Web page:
Lycanthrope instantiates an ephemeral wallet locally which transmutes cryptocurrency blockchains.
Machine applications ("programs") may be said to be ephemeral when they start from no local state apart from the artifact necessary for their execution. An ephemeral execution builds its state by a chain of transparently displayed and inspectable local and remote execution requests. When exited ("closed", "terminated") by the user, an ephemeral wallet leaves no trace of its execution on the local machine. The only effect of its execution exists as remote calls to remote services which have changed the state of decentralised data on blockchains. As such, each ephemeral instance may be viewed as the unfolding of a distributed computation orchestrated by a local node. The unfolding of this computation is manifested in response to explicit choices indicated by the user of the ephemeral instance.
In order to be trusted, Lyncanthrope must be transparent in its execution.
The execution of Lycanthrope is broken down into a chain ("directed graph") of computations with a definite local ordering in the ephemeral instance for which all links in the chain represent decisions explicitly allowed for by user interaction ("confirmation","agency"). Each link in the chain of Lycanthrope computation has a duality between its source code and corresponding model of its effects. The source code is a composed as single artifact which can be uniquely and succinctly identified ("hashed"). The model constitutes the composition of additional artifacts related to human intelligible representation. As such each instance of the model presented to the user in Lycanthrope may or may not be complete enough for the user to choose its execution. Note that in this sense, there are many models of the execution of the source, distinguished by their utility of the given user of the model.
Within the context of Lycanthrope, each arc in the call graph may have its source code verified via code snippets displayed to its user with appropriate linkage to reputable open source repositories for further intelligibility. The model of each link describes the purpose of the execution of the source code, its inputs, the nature of the computation resource need for its execution (i.e. whether the computation it is local or remote, and for remote services some sketch of trust provenance of the service execution), and the nature of its outputs.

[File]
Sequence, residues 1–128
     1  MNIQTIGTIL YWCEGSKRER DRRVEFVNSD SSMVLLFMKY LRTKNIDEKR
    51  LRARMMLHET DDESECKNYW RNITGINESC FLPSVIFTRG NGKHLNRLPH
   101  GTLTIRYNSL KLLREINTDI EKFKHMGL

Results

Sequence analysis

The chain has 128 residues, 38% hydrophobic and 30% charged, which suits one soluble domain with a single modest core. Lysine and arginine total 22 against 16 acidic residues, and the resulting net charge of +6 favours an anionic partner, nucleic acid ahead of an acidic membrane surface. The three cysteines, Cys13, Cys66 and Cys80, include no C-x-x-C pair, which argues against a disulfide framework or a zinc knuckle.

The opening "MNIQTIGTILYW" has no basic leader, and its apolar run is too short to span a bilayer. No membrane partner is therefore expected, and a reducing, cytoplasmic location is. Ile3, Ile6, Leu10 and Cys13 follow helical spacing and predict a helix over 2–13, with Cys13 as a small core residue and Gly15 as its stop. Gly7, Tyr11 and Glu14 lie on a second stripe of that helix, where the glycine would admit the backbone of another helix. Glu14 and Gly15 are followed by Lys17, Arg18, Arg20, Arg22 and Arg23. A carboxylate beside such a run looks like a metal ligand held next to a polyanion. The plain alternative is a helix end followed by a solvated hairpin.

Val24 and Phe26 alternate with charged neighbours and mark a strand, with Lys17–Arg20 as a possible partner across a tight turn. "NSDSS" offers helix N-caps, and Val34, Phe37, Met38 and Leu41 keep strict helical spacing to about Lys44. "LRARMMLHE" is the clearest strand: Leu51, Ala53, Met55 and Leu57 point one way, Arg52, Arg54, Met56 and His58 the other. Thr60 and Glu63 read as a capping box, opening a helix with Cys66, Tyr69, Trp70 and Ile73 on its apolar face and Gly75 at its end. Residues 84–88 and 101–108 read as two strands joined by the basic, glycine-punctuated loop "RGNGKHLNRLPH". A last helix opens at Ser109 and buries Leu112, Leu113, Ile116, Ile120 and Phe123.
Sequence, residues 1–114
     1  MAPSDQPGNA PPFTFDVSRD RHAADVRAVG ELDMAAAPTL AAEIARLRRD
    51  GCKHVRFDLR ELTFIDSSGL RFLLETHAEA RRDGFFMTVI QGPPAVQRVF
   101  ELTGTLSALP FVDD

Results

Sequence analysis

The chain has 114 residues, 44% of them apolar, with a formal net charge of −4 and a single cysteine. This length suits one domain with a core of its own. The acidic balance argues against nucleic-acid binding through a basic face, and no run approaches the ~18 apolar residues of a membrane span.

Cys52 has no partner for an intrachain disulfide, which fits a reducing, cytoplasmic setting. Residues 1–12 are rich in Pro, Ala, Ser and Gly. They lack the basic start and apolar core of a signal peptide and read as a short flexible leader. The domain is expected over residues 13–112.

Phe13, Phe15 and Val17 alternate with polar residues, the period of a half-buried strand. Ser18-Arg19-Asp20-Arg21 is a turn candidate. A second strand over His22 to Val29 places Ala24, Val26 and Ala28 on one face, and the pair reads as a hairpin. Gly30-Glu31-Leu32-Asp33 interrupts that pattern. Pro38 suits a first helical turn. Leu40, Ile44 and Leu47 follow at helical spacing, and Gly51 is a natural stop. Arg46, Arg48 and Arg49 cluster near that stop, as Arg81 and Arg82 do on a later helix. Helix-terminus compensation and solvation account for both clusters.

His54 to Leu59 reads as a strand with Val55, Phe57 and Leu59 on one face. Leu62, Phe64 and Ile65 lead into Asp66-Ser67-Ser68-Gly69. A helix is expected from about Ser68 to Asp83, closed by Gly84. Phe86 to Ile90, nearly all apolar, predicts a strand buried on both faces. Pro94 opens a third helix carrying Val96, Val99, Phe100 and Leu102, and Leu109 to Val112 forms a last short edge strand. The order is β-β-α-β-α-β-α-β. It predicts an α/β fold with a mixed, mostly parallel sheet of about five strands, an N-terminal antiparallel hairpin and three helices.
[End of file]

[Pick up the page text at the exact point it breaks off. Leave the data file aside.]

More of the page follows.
The Lycanthrope model identifies the specific UX elements that will effect the next link in the abstracted computation chain goals. As such the model represents the potential implications (e.g. "security with respect to transmission of a locally known secret") of following each link in an intelligible manner. Such arcs in the computation graph have default assumptions (e.g. desired key strength) reflected in input parameters which may be inspected and potentially changed by the knowledgable user. Ideally, the knowledgable user can "program" within Lycanthrope by pasting appropriate modifications to the model.
One of the main "security implications" lies in the usage of remote computation in the transversal of the Lycanthrope call graph. Remote computation may either be the download and subsequent local execution of additional code or the invocation of a remote application procedure interface (e.g. "REST"). In the case of downloading additional code to execute, the remote computation may be brought into an inspectable context before its execution (i.e. a the source code of a given snippet can be displayed for local inspection by the user before its execution).
In the case of an REST call for which the local computation has no trusted source code for execution, we ascribe statements in the model with links to provenance for claims about effects. For some instances of arc transversal -namely those which are idempotent- Lycanthrope can potentially perform multiple remote executions, testing inputs and outputs for observable fidelity to the desired computation. An example of remote idempotent executions whose observations by a security adversary has no consequence would be the retrieval of a given block in a secured chain. One may say that such a computation is a public secret, known to all potential participants in a Lycanthrope graph transversal.
In the course of the unfolding of the Lycanthrope call graph, it may be useful to the user to persist its representation via remote services. Support is provided for persisting the overall history of a given ephemeral computation, suitably stripped of sensitive information (e.g. derived ECDSA keypairs) and encrypted with a secret local to the instance. Such persistence would constitute a chain potentially useful for the user to retrieve from a future instance which shares the appropriate secrets of the instantiating instance.